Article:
“She’s so lucky to have you! Oh, what a lucky princess she is!”
When people make these comments, they don’t mean it’s because she has a spectacularly talented mother (ha!), but something quite different. I am at a loss for words when strangers and friends often repeat how lucky our baby girl, Arielle, is to be in our family! Many times, I wonder what they really mean. I know that I am not alone when I hear these comments, as a transracial family.
Our daughter is a part of our family. We are so lucky to have her in our lives. My husband, our biological son, and I believe she completes our family in so many indescribable ways. I hope someone can give me some perspective on this and help me find a way to use it as a way to educate. I think people are well-meaning in their comments. Maybe they are trying to thank us for rescuing a child that would have been thrown away or not given as many chances, but still……is it subtle racism? I feel like it is. I’m not sure it’s even as “subtle” like that.
I don’t think that people say the same thing to parents who have adopted children from other countries, or same-race adoptions. When they see our African American child they assume she would have ended up as a crack addict or a prostitute. Or maybe she would have ended up on the streets, not having a fair chance at life. Are they uncomfortable when they see us?
Adopting a child from foster care or adopting transracially is something a lot of people could not do. They look at our family and they see something that I don’t. They make assumptions about where my daughter came from and what type of prenatal care she may or may not have had or what her parents were like.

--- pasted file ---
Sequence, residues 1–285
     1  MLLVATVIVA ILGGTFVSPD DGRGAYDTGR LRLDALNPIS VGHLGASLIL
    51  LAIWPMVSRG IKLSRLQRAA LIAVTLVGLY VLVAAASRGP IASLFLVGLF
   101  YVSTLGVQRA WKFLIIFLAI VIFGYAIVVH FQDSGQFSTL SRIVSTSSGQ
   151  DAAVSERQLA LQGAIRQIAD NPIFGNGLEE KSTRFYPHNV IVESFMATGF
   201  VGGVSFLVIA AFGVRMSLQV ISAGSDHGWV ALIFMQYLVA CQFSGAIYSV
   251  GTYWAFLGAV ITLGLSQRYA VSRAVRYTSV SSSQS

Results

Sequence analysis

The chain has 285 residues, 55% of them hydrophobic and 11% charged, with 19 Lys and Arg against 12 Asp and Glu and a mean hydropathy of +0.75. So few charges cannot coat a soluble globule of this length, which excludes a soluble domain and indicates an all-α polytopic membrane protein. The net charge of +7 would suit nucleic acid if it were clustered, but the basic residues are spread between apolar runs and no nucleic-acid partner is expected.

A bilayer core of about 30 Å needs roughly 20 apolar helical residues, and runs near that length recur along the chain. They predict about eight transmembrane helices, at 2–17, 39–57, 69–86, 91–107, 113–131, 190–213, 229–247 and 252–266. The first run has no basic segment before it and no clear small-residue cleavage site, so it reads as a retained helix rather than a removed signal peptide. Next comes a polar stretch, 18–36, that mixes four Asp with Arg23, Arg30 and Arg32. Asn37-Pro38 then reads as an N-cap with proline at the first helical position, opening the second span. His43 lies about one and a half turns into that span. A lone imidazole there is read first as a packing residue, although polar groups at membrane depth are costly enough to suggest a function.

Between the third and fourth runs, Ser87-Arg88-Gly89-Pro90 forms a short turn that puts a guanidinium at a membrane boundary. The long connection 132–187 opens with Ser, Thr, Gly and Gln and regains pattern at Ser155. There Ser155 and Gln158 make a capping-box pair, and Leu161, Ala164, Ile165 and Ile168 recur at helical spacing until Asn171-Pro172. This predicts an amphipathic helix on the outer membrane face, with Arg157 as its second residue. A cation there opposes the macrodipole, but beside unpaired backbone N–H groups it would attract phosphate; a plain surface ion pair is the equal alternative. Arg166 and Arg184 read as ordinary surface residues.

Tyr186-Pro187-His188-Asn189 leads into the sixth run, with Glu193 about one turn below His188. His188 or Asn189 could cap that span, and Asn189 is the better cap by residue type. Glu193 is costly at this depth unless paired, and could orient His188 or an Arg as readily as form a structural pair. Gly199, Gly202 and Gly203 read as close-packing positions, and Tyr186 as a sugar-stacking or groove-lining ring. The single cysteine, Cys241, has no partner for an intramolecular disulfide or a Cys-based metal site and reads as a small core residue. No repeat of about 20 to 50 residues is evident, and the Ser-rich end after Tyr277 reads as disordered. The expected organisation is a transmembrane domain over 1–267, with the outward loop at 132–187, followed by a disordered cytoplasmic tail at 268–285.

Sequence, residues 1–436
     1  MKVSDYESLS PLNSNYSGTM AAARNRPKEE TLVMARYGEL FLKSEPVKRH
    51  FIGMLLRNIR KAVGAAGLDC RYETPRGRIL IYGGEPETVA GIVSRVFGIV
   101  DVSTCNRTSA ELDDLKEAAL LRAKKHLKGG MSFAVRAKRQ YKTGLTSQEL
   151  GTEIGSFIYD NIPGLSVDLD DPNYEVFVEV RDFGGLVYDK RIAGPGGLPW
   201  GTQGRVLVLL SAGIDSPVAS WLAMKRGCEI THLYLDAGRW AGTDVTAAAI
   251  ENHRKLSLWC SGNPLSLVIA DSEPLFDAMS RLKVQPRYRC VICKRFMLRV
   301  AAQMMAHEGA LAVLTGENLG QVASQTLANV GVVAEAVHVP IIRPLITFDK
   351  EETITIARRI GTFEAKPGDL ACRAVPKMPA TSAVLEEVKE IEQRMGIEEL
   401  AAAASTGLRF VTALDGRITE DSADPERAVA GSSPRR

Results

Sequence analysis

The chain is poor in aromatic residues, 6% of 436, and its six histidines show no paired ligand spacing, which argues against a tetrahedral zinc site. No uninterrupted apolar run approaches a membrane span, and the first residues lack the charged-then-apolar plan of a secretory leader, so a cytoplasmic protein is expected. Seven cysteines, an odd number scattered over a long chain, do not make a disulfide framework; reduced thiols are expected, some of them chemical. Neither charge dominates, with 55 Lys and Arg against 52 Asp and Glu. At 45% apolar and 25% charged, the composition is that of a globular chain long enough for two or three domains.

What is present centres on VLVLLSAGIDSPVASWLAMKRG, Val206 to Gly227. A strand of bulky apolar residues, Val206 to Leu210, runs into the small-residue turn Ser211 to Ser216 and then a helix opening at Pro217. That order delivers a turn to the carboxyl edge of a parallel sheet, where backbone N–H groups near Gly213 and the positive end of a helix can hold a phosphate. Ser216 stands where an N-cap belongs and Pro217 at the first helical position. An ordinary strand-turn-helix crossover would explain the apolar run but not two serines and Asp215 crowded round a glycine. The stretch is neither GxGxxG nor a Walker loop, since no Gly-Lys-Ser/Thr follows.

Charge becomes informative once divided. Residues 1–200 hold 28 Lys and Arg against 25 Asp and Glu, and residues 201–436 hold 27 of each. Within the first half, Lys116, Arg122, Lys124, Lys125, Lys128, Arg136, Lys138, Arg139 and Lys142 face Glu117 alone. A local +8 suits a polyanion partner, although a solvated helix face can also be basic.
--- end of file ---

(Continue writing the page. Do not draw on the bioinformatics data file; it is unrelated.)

I have to remind myself that I do not have the right to judge anyone for their decision on how they form their families. I can quote statistics from child welfare agencies to demonstrate the need for individuals to step up and help take care of thousands of children languishing in foster care, but that is not what this post is about. As I respect people’s wishes to form their families their ways, without judgments or assumptions, I dream of a world where my family doesn’t raise eyebrows. Or, at the very least, a world where individuals do not assume anything about their children based on the color of their skin.
My husband ran into a friend he had not seen in a while and began telling him what was going on with our family and Arielle. This was shortly after Obama’s election. After he told the friend about Arielle coming into our family, he braced himself for the cursory, “Oh, she is so lucky.” Instead, he said, “Wow! You made my day. That is really cool.” My husband knew that his friend got it and that it was special for us.
It is what it is. I hope my daughter and my son know how lucky we are to have been given the chance to parent them and love them. We chose them. They make our day, every day!
Written by Ann Marie G.
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